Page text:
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Understanding when to use and not use antibiotics

How to talk to your doctor about antibiotics

If you are feeling sick, you might think you need to use antibiotics. We sat down with pediatrician Timothy R. Shope, MD, MPH, to talk about why it’s important to use antibiotics when only necessary and appropriate. Here’s what you need to know.

When to use antibiotics

The Centers for Disease Control and Prevention says you should take antibiotics only when you need them. Antibiotics treat only certain infections caused by bacteria. These include conditions like strep throat, whooping cough, or urinary tract infections [1].

When not to use antibiotics

Antibiotics do not treat viruses that cause the following [1]:

  • Colds and runny noses
  • Most sore throats
  • The flu
  • Most kinds of chest colds
  • Lasting nasal congestion caused by seasonal allergies
  • Coughs caused by asthma

The dangers of antibiotic misuse

You must use antibiotics as prescribed. There can be serious consequences if you don’t.

“Using too many antibiotics for the wrong reason can make antibiotics less effective,” Shope says. “Bacteria can mutate and become resistant to the antibiotic over time if too many antibiotics are prescribed or they’re prescribed for too long.”

Your doctor will decide the best treatment when you are sick. Remember that antibiotics do not work on viruses. Shope warns, “Providers cannot give antibiotics just because someone wants them. We must consider the benefits and the risks. There are benefits, but only in certain conditions. The common cold is caused by a virus, so an antibiotic will not work against it.”

Know the consequences

Using antibiotics for the wrong reason can promote what’s known as antibiotic resistance. Infections caused by antibiotic-resistant germs are hard to treat [2].

They may require:

  • Extended hospital stays.
  • Extra follow-up doctor visits.
  • Costly and toxic alternatives.

How to talk to your doctor about when you need an antibiotic

You and your doctor can work together. While your doctor takes the lead, you play a big part. Your role is to be aware of your symptoms. This will help you give your doctor enough details to make the right choice about treatment.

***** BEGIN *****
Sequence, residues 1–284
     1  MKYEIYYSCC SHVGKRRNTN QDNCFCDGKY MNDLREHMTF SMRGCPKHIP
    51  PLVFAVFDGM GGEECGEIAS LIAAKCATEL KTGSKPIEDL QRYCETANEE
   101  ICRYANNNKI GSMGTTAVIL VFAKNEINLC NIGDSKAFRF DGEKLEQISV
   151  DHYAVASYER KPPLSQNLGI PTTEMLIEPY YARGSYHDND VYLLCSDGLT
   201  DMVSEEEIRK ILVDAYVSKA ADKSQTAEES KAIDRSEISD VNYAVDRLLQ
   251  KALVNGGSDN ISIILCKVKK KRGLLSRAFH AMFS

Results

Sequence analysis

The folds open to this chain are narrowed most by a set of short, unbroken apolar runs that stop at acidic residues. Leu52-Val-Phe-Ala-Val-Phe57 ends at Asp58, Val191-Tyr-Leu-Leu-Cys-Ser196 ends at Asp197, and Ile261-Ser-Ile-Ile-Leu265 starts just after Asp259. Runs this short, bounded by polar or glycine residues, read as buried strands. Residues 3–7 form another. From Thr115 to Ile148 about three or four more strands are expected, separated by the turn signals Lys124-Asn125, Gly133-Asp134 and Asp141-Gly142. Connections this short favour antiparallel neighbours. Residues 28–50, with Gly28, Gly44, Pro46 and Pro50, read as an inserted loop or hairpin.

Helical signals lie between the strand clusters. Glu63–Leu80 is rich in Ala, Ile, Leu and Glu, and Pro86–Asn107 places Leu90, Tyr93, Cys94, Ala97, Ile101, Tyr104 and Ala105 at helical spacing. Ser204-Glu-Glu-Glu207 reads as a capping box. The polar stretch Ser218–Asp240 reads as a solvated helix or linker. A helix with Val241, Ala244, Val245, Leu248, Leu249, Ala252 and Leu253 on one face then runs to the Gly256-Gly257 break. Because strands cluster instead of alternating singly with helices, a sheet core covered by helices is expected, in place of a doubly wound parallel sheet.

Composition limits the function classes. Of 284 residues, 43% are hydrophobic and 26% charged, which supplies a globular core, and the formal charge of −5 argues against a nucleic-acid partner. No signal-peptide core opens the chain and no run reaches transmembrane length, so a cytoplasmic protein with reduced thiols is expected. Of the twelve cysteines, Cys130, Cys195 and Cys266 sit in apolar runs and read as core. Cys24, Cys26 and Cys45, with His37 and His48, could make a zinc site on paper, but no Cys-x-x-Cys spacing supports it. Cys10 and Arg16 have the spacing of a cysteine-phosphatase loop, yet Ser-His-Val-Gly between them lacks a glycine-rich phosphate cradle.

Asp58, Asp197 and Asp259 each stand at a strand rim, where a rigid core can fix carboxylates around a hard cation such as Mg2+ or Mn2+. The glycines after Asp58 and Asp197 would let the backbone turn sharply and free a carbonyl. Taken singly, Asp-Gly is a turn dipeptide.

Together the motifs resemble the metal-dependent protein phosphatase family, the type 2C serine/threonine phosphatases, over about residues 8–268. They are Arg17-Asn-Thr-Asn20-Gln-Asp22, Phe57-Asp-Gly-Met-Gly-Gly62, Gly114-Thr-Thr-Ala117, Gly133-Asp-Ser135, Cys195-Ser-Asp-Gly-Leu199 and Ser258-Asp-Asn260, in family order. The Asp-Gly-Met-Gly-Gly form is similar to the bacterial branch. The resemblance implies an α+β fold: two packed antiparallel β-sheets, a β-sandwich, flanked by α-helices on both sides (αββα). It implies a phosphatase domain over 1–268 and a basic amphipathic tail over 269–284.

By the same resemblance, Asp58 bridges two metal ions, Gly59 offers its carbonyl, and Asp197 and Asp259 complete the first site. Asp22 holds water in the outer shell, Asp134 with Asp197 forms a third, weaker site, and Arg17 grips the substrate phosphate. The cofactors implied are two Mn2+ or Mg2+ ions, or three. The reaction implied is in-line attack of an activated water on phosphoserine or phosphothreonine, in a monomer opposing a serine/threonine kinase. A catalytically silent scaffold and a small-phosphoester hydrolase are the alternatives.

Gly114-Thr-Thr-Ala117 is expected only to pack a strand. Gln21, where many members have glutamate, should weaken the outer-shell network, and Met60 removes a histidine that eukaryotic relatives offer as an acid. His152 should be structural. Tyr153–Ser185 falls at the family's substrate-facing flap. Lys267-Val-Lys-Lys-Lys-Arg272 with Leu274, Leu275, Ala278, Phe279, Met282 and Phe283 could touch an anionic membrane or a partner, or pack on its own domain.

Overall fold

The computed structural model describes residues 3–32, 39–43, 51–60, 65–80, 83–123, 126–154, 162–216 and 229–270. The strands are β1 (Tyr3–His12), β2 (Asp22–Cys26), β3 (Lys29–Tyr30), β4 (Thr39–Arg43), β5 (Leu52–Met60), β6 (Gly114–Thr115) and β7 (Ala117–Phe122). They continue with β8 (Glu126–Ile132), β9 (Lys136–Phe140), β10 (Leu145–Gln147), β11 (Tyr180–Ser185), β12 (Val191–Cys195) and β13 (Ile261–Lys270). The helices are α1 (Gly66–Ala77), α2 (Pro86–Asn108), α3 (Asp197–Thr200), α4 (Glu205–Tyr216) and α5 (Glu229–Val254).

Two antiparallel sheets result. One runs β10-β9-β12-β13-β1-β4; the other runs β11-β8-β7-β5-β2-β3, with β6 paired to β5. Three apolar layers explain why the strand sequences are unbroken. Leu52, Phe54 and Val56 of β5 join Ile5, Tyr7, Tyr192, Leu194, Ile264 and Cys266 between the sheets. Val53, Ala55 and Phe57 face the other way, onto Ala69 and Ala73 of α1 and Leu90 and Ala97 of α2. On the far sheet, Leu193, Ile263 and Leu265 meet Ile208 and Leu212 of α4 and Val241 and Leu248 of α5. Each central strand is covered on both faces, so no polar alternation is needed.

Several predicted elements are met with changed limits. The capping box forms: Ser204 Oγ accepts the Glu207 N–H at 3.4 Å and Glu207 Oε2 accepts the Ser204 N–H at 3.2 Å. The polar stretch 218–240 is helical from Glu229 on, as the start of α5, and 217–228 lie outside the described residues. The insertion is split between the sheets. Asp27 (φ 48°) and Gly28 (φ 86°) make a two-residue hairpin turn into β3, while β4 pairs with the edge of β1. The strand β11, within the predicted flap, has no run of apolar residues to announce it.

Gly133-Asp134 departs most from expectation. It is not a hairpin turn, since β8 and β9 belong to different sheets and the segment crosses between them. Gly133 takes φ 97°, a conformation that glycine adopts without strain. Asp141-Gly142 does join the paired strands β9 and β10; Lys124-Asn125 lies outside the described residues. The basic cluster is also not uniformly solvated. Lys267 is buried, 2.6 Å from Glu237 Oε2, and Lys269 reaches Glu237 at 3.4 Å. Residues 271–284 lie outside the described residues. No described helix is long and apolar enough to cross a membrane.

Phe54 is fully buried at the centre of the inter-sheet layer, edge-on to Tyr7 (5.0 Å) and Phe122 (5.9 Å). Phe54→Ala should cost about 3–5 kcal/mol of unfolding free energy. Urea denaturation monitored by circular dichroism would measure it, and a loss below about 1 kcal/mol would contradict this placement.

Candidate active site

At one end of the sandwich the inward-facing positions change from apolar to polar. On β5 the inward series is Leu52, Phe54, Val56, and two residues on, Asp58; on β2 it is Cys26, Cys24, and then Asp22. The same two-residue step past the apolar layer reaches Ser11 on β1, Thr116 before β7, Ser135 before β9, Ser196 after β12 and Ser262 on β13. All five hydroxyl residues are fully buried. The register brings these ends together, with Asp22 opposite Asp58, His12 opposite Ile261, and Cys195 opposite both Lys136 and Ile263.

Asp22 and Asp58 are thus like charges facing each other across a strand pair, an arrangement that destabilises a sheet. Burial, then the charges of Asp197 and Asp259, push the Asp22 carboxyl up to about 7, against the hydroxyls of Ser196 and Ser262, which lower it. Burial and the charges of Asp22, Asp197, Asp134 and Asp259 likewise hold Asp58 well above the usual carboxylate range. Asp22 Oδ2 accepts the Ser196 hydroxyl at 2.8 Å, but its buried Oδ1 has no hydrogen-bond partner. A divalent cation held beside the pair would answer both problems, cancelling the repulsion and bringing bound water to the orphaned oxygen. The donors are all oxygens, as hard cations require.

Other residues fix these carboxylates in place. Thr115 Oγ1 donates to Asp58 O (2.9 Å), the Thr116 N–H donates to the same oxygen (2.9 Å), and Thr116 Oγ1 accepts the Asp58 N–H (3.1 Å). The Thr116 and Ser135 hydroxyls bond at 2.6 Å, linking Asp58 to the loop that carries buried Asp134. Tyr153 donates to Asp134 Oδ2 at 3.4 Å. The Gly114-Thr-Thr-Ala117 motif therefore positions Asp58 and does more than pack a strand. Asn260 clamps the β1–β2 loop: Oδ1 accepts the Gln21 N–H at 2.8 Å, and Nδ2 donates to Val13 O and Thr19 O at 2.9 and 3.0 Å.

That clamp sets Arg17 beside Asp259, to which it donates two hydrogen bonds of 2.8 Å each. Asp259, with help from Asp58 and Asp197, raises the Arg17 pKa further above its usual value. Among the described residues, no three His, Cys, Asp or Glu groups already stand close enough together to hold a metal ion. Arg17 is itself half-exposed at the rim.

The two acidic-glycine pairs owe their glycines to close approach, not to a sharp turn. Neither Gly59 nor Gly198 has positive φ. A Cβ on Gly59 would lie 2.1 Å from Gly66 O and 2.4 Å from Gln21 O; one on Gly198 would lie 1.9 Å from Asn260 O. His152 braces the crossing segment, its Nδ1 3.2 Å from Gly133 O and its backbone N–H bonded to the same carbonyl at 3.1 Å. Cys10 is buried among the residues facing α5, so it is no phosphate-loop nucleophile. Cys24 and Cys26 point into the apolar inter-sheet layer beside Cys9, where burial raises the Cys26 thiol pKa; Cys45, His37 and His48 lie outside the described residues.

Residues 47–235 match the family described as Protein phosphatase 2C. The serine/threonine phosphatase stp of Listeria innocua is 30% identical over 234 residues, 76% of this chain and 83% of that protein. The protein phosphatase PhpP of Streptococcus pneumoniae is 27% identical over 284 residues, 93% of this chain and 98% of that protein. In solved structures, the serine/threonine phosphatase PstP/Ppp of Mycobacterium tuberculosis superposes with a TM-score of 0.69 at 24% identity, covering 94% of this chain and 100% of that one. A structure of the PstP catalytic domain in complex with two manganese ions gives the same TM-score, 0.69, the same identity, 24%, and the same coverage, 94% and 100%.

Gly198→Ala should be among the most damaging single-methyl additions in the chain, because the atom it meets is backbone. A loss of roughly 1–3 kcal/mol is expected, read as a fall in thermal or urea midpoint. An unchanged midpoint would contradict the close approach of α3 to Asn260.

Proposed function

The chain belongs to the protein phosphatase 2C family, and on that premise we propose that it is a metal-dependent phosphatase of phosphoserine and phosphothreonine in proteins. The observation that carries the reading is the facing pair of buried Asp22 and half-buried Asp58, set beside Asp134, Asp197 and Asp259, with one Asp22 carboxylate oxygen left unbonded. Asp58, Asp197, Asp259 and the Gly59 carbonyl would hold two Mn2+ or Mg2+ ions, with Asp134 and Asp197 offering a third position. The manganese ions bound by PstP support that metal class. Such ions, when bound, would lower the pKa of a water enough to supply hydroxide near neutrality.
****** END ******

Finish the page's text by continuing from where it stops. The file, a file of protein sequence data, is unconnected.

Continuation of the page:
“I use the information that I get from a patient to determine whether an antibiotic is needed or not,” Shope explains. “Thinking about why you are going to the doctor before the visit will allow you to recall your symptoms and provide an efficient history that allows the doctor to make the best decision.”

The do’s and don’ts of antibiotic use

Do:

Think about what’s going on before your visit. Doing so will prepare you to answer these questions:

  • How are you feeling?
  • What’s been causing a problem?
  • How long has this been going on?
  • What are your symptoms?

Trust your doctor. It’s OK to ask your doctor about antibiotics. But remember that your doctor knows your medical history. He or she is the best person to make decisions about your care.

“You go to the doctor to have them use their training to make the decision of what’s really best,” Shope says. “It’s just like when you take your car to the mechanic. There’s a little bit of a mystery going on there. You are relying on the experience of the person who is telling you what the diagnosis is and what treatment is necessary. You have to trust the relationship and know that doctors are making decisions with your best interest at heart.”

Don’t:

Assume that you need antibiotics. Again, your doctor is the best person to decide the care you need. This includes whether you need antibiotics.

“Patients should not go in expecting to receive an antibiotic,” Shope says. “The doctor always considers whether an antibiotic may be necessary or not and weighs the benefits of an antibiotic versus the potential side effects to the individual.”

How to get help

Get help as soon as you need it. Knowing where to go will help you get what you need quickly.

Talk to your doctor or a health care concierge

You should always talk to your doctor about medications. This includes antibiotics. Asking questions is part of working with your doctor.

If you have coverage questions, call the Health Care Concierge team at the number on your member ID card. A team member will help you understand your coverage.

If you need to find a primary care provider or need care, you can search MyHealth OnLine.


[1] Antibiotic do’s & don’ts. The Centers for Disease Control and Prevention. Updated January 31, 2020. Accessed September 4, 2020. https://www.cdc.gov/antibiotic-use/community/about/can-do.html

[2] About antibiotic resistance. Centers for Disease Control and Prevention. Updated March 13, 2020. Accessed Aug. 3, 2021. cdc.gov/drugresistance/about.html